In addition to food sensitivities, elevated levels of zonulin can lead to a number of chronic issues and diseases. Additionally, anywhere between 50 and 100% of patients with food intolerances also have increased intestinal permeability. Some of the diseases caused by intestinal permeability, or leaky gut are autoimmune disease, Type I Diabetes and Celiac Disease. Elevated levels of zonulin can also lead to Multiple Sclerosis, Rheumatoid Arthritis, Asthma, Inflammatory Bowel Disease, and Adult Glucose Intolerance. Zonulin is a key biomarker for intestinal permeability, and is the only regulator of intestinal permeability that is reversible.
Signs of a leaky gut show that the functions of the intestinal barriers have stopped working properly. The intestinal lining is essentially a wall of tightly joined cells that open and close when necessary. zonulin remotely controls the opening of tight junctions between cells. If too much zonulin is produced, the tight junctions remain open.
Measuring Zonulin Levels
Measuring zonulin can help assess a leaky gut. The best way to test for elevated levels of zonulin is by using a blood sample, as there is evidence of tissue damage and loss of intestinal function if zonulin can be measured in a patient’s blood.
It is useful to test for food sensitivities and inflammation caused by food to reduce leaky gut in a patient. Therefore, testing for both food sensitivities and elevated levels of zonulin simultaneously allows the patient to pinpoint causes of chronic issues and symptoms. From there, the patient can make necessary changes in diet to achieve optimal health.
About KBMO Diagnostics:
KBMO Diagnostics is a fully integrated medical diagnostics company, offering Food Sensitivity Testing that measures sensitivities to up to 132 different foods, coloring and additives using the Food Inflammation Test (FIT Test), created by Brent Dorval, PhD. In addition to the FIT Test, KBMO offers a Zonulin Test. The FIT Test yields many benefits, including: uncovering which foods are causing inflammation and disease, developing a personalized nutritional guide, and improving a patient’s state of health and energy levels. The test is the most sensitive food test available using new patented technology. KBMO has an FDA Registered and ISO 13485 compliant manufacturing facility as well as a CLIA High Complexity Laboratory based in Massachusetts. Contact www.KBMOdiagnostics.com for more information.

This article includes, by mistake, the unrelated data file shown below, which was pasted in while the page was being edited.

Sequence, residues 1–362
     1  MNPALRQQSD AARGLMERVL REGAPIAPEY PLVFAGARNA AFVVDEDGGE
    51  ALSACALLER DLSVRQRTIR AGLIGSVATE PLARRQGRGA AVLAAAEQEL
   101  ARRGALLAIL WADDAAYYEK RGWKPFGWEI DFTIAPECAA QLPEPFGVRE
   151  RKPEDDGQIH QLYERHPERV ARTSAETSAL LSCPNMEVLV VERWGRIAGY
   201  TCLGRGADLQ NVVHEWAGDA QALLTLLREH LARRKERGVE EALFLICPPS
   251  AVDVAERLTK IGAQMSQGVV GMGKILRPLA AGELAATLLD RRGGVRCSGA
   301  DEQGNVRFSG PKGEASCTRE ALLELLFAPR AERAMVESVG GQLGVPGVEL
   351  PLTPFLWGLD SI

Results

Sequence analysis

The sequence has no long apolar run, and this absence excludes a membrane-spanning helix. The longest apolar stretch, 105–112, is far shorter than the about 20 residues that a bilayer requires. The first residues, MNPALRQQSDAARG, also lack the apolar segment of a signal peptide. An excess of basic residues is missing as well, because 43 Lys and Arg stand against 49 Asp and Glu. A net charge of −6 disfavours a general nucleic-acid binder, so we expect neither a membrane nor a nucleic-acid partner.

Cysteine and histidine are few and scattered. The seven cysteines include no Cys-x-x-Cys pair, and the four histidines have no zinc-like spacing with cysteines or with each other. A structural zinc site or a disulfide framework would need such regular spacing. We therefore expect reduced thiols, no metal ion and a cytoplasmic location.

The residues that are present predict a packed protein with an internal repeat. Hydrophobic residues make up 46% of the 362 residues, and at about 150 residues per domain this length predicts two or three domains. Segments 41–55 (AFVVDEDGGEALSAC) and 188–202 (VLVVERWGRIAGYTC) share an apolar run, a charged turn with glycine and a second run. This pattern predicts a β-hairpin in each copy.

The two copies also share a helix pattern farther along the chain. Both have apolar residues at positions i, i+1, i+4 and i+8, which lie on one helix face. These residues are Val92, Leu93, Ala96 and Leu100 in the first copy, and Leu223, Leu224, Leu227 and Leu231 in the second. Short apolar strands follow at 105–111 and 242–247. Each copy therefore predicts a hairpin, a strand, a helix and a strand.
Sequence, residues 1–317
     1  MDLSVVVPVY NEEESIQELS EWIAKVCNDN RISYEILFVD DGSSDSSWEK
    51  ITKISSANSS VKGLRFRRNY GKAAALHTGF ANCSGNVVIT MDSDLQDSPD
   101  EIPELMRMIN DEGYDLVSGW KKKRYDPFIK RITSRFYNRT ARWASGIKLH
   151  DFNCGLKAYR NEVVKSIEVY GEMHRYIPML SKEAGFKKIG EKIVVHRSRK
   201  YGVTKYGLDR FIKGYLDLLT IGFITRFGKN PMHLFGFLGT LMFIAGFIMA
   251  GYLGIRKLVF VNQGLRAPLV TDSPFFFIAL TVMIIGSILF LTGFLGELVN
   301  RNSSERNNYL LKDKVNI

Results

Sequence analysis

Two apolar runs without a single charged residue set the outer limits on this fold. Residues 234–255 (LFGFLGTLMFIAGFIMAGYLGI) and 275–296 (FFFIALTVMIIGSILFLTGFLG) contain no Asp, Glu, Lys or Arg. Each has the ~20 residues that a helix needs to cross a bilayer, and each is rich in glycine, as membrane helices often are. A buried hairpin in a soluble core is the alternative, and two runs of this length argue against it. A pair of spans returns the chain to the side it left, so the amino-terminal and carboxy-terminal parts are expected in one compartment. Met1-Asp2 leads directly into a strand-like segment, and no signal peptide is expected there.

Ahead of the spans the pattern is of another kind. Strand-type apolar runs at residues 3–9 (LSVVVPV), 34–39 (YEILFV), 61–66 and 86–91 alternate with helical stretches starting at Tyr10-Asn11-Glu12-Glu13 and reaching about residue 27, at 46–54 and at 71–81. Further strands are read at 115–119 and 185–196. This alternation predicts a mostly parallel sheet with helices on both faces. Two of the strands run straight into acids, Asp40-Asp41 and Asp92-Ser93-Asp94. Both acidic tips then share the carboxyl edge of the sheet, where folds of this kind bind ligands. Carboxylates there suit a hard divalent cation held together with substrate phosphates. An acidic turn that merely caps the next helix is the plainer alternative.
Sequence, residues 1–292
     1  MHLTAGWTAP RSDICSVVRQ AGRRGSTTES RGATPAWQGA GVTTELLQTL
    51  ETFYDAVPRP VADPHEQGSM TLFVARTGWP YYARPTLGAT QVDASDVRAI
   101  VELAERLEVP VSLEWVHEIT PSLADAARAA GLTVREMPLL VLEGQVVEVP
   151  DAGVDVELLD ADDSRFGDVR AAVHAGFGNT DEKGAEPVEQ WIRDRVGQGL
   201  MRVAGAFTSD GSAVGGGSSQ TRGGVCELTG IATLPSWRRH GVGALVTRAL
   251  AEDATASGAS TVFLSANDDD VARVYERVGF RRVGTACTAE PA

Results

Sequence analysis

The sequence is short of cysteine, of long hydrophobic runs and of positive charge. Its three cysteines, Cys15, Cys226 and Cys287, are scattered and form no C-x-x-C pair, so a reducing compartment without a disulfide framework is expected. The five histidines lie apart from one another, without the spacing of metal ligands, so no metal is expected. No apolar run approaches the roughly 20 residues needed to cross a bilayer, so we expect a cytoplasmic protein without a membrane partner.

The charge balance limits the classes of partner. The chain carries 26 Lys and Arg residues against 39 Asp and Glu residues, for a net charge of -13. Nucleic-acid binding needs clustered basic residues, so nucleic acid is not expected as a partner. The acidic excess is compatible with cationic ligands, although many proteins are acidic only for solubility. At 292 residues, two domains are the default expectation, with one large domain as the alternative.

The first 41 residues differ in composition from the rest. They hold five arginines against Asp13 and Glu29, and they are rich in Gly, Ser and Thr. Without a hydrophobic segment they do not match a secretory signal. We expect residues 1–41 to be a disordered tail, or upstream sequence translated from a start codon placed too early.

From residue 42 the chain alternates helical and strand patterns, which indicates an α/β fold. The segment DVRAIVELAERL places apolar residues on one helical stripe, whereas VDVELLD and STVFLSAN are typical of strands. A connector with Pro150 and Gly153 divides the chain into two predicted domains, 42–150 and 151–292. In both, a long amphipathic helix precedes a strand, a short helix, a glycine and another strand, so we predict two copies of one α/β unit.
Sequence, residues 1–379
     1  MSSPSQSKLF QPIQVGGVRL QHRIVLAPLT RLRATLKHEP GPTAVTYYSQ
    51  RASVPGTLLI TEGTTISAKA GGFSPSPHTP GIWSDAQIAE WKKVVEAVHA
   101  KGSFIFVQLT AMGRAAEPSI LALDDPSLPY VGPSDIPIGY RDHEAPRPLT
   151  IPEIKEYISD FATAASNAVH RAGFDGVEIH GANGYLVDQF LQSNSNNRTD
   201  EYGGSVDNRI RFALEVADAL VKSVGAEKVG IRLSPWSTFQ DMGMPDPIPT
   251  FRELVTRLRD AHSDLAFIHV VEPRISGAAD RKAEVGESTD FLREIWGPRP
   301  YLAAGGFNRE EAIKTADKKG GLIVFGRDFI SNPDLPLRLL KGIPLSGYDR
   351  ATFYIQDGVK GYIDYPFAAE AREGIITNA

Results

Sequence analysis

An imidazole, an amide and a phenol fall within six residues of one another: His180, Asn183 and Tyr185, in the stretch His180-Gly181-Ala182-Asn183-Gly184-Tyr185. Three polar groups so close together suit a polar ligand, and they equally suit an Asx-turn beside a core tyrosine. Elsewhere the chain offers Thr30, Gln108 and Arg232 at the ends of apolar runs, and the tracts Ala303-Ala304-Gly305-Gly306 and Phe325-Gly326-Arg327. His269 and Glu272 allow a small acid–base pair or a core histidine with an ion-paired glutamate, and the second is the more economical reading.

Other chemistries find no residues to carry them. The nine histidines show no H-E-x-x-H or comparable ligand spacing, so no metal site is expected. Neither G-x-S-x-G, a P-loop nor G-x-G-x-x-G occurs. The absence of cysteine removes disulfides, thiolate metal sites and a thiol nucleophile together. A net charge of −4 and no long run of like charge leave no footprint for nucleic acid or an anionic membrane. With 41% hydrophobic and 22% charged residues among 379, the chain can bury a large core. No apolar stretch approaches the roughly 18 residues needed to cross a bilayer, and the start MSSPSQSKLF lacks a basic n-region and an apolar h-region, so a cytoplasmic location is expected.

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Should your established patients consider this? How does it compare to tests you have been using?
Jenn, I think it can be useful. Lets discuss! DrKF
I hope your blog is open to a broader discussion of functional medicine. Here is my contribution.
More tests, no more significant clinically useful information. Laboratories are replete with small studies that show us that their particular brand of food sensitivity reduce his symptoms when those foods are eliminated . The testing done by this particular laboratory is not a comparison with other test so it does not demonstrate superiority. Additionally the gold standard is an elimination, provocation diet. When properly supporting patient within a functional medicine practice with wellness coaches etc. the vast majority of patient should be able to accomplish and elimination, provocation trial. It’s my belief that functional medicine should be focused on high touch, appropriate technology interventions. We already have a gold standard for food sensitivities. This test does not approach the sensitivity or specificity of that gold standard.
Tom Sult, MD
Author: JUST BE WELL (goo.gl/jUbWIX)
Thanks, Tom. While I think there is a place for IgG testing, I would like to see more research in this arena. I appreciate the clinical trial that KBMO conducted, but another study looking specifically at its unique attributes would be great. K
How did I get tested?
If you’re working with a Functionally trained provider familiar with the KMBO test they would be able to order it for you.
If I order the test, will I get the results or will the results have to be sent to a doctor? Thanks
Hello Allen, our practitioner team orders food sensitivity tests (including from other laboratories) for clinic patients and, yes, the results are sent to your practitioner physician or nutritionist) first. – Team DrKF